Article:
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FOR IMMEDIATE RELEASE
JUNE 18, 1998
12:33 PM
CONTACT:  INFACT
Melinda Mann  or Kathryn Mulvey
Tel: 617-742-4583 FAX: 617-367-0191
Congress Knuckles Under to Philip Morris and RJR Nabisco
INFACT Launches Boycott Expansion
 
WASHINGTON - June 18 - The Senate's killing of the McCain tobacco bill is a vivid demonstration of the tobacco industry's political clout, and a telling reminder that despite Big Tobacco's "big government" rhetoric, there have in recent years been no major national legislative advances on this critical public health issue.

"That the US Senate is not responsive to the public outcry for a tough national tobacco control policy is unfortunately not a surprise," said Kathryn Mulvey, Executive Director of the national corporate watchdog organization INFACT. "This is not a partisan issue. It is an issue of brazen political influence by corporations," continued Mulvey. So far in the 1997-1998 election cycle, Philip Morris has led all other corporations in soft money contributions, and in the first six months spent nearly $10 million on lobbying. In recent weeks the tobacco industry has run a $50 million campaign to generate opposition to the McCain bill.

INFACT activists nationwide have been voicing their concerns about the McCain bill since it came to the Senate floor, calling for stronger measures that would not limit the industry's liability in lawsuits. "The momentum is squarely on the side of public health protection. That's why Philip Morris and RJR Nabisco tried to cut a sweetheart deal last year. When the public demanded more, they abruptly reverted to multimillion-dollar scare tactics and tried-and-true techniques of squelching Congressional debate," notes Mulvey. Of some 174 pieces of federal tobacco control legislation introduced in the late 1980's and early 1990's, only two passed, and the vast majority were killed before they ever came to a vote.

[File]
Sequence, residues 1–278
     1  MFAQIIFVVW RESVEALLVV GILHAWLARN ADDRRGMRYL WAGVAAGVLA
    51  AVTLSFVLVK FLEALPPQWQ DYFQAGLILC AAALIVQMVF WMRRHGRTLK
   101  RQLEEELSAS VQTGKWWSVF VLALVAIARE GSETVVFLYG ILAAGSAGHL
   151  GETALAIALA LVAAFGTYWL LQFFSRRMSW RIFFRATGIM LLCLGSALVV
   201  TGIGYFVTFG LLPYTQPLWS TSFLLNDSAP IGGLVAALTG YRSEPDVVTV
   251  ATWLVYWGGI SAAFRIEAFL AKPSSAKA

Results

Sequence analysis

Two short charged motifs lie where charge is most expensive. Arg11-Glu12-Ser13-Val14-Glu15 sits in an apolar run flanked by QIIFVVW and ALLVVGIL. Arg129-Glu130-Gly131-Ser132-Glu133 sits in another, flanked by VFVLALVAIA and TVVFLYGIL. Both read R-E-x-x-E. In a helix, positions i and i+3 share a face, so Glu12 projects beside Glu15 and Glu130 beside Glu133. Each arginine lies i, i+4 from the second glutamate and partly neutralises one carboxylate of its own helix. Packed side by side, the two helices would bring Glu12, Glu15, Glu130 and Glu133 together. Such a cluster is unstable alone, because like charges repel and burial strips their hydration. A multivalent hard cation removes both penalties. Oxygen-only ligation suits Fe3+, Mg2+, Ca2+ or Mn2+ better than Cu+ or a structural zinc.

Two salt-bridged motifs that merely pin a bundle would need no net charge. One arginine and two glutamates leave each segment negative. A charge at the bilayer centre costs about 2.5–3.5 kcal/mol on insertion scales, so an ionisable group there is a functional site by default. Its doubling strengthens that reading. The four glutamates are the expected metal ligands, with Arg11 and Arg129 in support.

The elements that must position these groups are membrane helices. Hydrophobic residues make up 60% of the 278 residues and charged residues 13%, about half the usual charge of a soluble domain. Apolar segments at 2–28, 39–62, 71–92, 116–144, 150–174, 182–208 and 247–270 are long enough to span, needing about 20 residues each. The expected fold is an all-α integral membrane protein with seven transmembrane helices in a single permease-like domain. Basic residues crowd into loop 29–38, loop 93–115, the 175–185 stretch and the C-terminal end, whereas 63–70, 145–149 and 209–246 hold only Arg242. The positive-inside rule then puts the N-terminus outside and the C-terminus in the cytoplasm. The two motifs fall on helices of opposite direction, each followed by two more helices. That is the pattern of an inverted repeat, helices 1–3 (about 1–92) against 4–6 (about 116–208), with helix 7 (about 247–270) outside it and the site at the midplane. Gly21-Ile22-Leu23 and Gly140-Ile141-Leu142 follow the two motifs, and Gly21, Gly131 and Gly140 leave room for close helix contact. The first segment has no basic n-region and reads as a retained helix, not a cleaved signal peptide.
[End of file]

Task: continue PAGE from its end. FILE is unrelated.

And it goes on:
"Congress is so beholden to the big-moneyed corporate interests that it cannot even take decisive action on a health issue as clear-cut as tobacco," says INFACT Campaign Director Wendy Call. "In such a climate, people have more power as consumers than constituents. Concerned citizens must voice their protest directly to the tobacco industry by boycotting Kraft and Nabisco - the major consumer brands of Philip Morris and RJR Nabisco, and by letting their corporate headquarters in New York City know about it." This summer INFACT Volunteer Organizers in a dozen cities nationwide will be building INFACT's Tobacco Industry Boycott, which has been in effect since 1994.

"We will win changes that protect the health and lives of future generations from tobacco addiction-by affecting Big Tobacco's bottom line with direct economic pressure, by fighting state by state to recover health care costs, and by defending the FDA's limits on youth-oriented tobacco promotion," concludes Call. "Eventually, the US Congress will be shamed into action."

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Founded in 1977, INFACT's purpose is to stop life-threatening abuses of transnational corporations and increase their accountability to people around the world. INFACT's recent book, Global Aggression: the case for World Standards and Bold U.S. Action Challenging Philip Morris and RJR Nabisco, exposes the worldwide abuses of the US Tobacco giants.

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